I can’t remember exactly the point when I maxed out on wallflowers. I used to think that I would never throw a healthy plant away as every flower is precious and there are always bare patches in the garden that need filling, but eventually the big sprawling mess had to go. The final straw was when they threatened to sow seeds over the patio cracks to spawn another yearful.

Thinking that I had aborted the next generation, I took time to smell the roses and other non-wallflowers. Then the other day I was inspecting my propogation pot where I had sprinkled magnolia, delphinium and romano pepper seeds with the hope that at least one plant would germinate out of the three, when I recognised wallflower seedlings which seemed to have hibernated since the year before. More annoyingly, each leaf was in perfect condition whereas the leaves of my single remaining broccoli seedling were covered in tiny holes.

I knew that wallflowers and broccoli were both in the brassica family. This summer I learned that nasturtiums are in that family too after identifying caterpillars which were shredding my flower basket display.
I didn’t mind the sacrifice in exchange for being delighted by the sight of cabbage white butterflies feeding on wildflowers and fluttering about in pairs.  

The thought did cross my mind to suggest to the caterpillars that my wallflower seedlings could be a potential food source. I was toying with the idea when I found a stray seedling which had grown into the wall of my house, by my seat on the back doorstep, and noticed for the first time that its flowers were like little butterflies in flight ...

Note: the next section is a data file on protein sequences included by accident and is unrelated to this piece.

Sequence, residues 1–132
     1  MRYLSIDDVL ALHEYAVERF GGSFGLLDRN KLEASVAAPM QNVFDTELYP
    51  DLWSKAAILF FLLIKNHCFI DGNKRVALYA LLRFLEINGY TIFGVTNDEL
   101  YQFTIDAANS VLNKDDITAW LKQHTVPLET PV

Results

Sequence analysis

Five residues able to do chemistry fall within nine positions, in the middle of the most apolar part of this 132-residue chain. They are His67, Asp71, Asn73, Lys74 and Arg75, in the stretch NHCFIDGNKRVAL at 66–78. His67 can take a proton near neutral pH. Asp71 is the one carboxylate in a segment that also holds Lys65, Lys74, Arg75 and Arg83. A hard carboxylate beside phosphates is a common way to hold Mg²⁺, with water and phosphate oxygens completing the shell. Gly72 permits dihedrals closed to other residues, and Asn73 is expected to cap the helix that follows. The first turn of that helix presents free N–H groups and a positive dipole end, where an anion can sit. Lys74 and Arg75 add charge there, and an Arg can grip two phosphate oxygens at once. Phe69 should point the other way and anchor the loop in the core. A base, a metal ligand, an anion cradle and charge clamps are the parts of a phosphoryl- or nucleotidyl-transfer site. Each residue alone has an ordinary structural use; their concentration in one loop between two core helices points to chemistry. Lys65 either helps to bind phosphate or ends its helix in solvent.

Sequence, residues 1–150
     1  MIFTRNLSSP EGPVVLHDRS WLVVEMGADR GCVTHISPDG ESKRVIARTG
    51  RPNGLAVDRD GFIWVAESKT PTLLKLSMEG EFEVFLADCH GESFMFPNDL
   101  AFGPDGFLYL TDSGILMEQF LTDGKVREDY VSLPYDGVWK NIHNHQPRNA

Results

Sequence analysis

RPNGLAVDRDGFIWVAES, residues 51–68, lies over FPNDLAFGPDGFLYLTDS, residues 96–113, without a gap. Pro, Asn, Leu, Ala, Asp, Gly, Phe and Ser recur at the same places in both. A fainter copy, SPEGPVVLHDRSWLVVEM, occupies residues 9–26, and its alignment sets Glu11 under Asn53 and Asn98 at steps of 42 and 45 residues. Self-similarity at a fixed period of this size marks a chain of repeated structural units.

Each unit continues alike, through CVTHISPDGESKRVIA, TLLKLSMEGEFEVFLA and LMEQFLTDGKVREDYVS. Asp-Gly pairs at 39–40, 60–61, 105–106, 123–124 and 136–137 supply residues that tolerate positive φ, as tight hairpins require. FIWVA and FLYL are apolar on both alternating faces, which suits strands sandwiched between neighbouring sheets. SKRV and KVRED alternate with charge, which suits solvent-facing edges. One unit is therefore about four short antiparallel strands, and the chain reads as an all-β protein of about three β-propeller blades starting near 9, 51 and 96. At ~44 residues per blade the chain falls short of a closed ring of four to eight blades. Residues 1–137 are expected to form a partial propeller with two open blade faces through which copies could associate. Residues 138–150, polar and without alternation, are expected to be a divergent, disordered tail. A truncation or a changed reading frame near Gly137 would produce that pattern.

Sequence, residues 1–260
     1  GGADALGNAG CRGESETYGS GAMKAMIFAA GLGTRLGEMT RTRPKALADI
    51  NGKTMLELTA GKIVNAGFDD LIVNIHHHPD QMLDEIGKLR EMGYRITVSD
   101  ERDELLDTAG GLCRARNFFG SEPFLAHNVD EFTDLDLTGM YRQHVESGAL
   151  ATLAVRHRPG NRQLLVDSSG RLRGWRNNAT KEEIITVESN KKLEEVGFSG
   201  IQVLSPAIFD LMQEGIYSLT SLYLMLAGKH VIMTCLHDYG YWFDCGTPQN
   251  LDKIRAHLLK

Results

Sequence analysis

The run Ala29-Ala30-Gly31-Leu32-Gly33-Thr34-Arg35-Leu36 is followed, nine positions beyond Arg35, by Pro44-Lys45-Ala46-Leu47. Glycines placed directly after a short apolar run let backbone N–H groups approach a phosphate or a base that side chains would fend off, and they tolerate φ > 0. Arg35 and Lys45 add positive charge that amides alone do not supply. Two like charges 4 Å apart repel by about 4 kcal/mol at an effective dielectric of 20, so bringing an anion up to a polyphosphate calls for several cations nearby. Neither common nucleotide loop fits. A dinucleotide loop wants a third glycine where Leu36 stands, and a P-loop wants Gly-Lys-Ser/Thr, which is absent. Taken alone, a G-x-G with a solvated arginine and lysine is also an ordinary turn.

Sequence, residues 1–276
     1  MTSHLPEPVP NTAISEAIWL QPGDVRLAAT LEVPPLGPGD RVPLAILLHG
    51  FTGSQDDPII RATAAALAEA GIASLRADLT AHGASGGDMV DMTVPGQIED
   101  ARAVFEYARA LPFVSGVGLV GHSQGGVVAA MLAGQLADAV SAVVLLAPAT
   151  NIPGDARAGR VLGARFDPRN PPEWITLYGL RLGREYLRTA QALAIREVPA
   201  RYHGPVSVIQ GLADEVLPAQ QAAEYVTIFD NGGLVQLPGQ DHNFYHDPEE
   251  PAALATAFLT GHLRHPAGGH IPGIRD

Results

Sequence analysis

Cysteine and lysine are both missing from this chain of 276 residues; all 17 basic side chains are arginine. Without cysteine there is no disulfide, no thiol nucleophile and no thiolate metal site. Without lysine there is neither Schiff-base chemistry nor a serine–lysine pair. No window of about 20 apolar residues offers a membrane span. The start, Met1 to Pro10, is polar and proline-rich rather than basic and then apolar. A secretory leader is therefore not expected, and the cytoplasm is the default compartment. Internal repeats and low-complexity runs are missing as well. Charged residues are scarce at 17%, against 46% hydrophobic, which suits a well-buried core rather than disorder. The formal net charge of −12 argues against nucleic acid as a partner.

Today I'm linking up to the Grow Write Guild : This Plant is Driving me Nuts!

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Thursday, 1 August 2013

Goldenrod (01 AUG 2013)

This golden rose is called Absolutely Fabulous – and is to me. However, the pollinators don’t seem so fussed with it …
 whereas this plant is literally a-buzz.
At first, I thought it was a mutant wild aster without petals, which wasn’t too far wrong, as it is actually Goldenrod which is in the same family. Apparently, British gardeners originally introduced it as an ornamental, even though it’s an American native often growing at roadsides. It is known to be invasive there, but is behaving itself in this flower-bed near London.

There is a story attached to this plant which, as an engineer and gardener, I found fascinating. Following the First World War, three friends Ford, Firestone and Edison had a shared interest in manufacturing cars. They discussed the options for producing tyres without relying on raw materials from abroad. Edison tested 15000 plants and found 1240 which yielded rubber - goldenrod produced the best quality. Ford presented Edison with a Model T with tyres made from goldenrod rubber, however it turned out not to be commercially viable in the end.
Until this year I had hardly seen butterflies, but maybe summer’s late start allowed the caterpillars to fatten up for a bit longer and the current heatwave caused all the chrysalises to crack open at once. They’re everywhere, especially flitting about amongst the goldenrod, their wings substituting for fancy petals. Of course, they disappear by the time I get my camera out – except for one.

The Gatekeeper butterfly can be distinguished from the similar Meadow Brown by the two white spots in the “eye” of its wing, which is supposed to distract predators away from its vulnerable body. The latter only has one spot. The female’s upper wing is bright orange apart from the eye and brown edging; the male’s is crossed with a dark band of scent glands. They have relatively short proboscises which may explain why they are partial to the small florets of goldenrod.

I was honoured to spend some time with this little creature. It convinced me to plant a tuber of goldenrod in a dry patch in my own garden which wouldn't have been my first choice before.


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Sunday, 21 July 2013

Daffodils (21 JUL 2013)

I never thought that I would use the words “lovely” and “daffodils” in the same sentence …